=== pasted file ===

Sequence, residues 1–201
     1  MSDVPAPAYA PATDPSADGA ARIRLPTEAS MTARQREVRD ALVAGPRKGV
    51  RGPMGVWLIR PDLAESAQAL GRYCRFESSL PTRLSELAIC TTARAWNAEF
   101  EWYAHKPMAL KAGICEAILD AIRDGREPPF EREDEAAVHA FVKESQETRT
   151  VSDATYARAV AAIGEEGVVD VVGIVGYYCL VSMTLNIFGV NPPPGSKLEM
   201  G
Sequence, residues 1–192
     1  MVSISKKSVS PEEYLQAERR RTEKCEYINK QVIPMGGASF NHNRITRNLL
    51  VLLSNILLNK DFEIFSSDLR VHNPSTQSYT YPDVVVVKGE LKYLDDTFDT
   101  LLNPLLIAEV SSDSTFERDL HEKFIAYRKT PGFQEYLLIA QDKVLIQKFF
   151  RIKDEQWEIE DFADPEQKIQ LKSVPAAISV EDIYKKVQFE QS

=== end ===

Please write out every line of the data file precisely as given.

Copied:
Sequence, residues 1–201
     1  MSDVPAPAYA PATDPSADGA ARIRLPTEAS MTARQREVRD ALVAGPRKGV
    51  RGPMGVWLIR PDLAESAQAL GRYCRFESSL PTRLSELAIC TTARAWNAEF
   101  EWYAHKPMAL KAGICEAILD AIRDGREPPF EREDEAAVHA FVKESQETRT
   151  VSDATYARAV AAIGEEGVVD VVGIVGYYCL VSMTLNIFGV NPPPGSKLEM
   201  G
Sequence, residues 1–192
     1  MVSISKKSVS PEEYLQAERR RTEKCEYINK QVIPMGGASF NHNRITRNLL
    51  VLLSNILLNK DFEIFSSDLR VHNPSTQSYT YPDVVVVKGE LKYLDDTFDT
   101  LLNPLLIAEV SSDSTFERDL HEKFIAYRKT PGFQEYLLIA QDKVLIQKFF
   151  RIKDEQWEIE DFADPEQKIQ LKSVPAAISV EDIYKKVQFE QS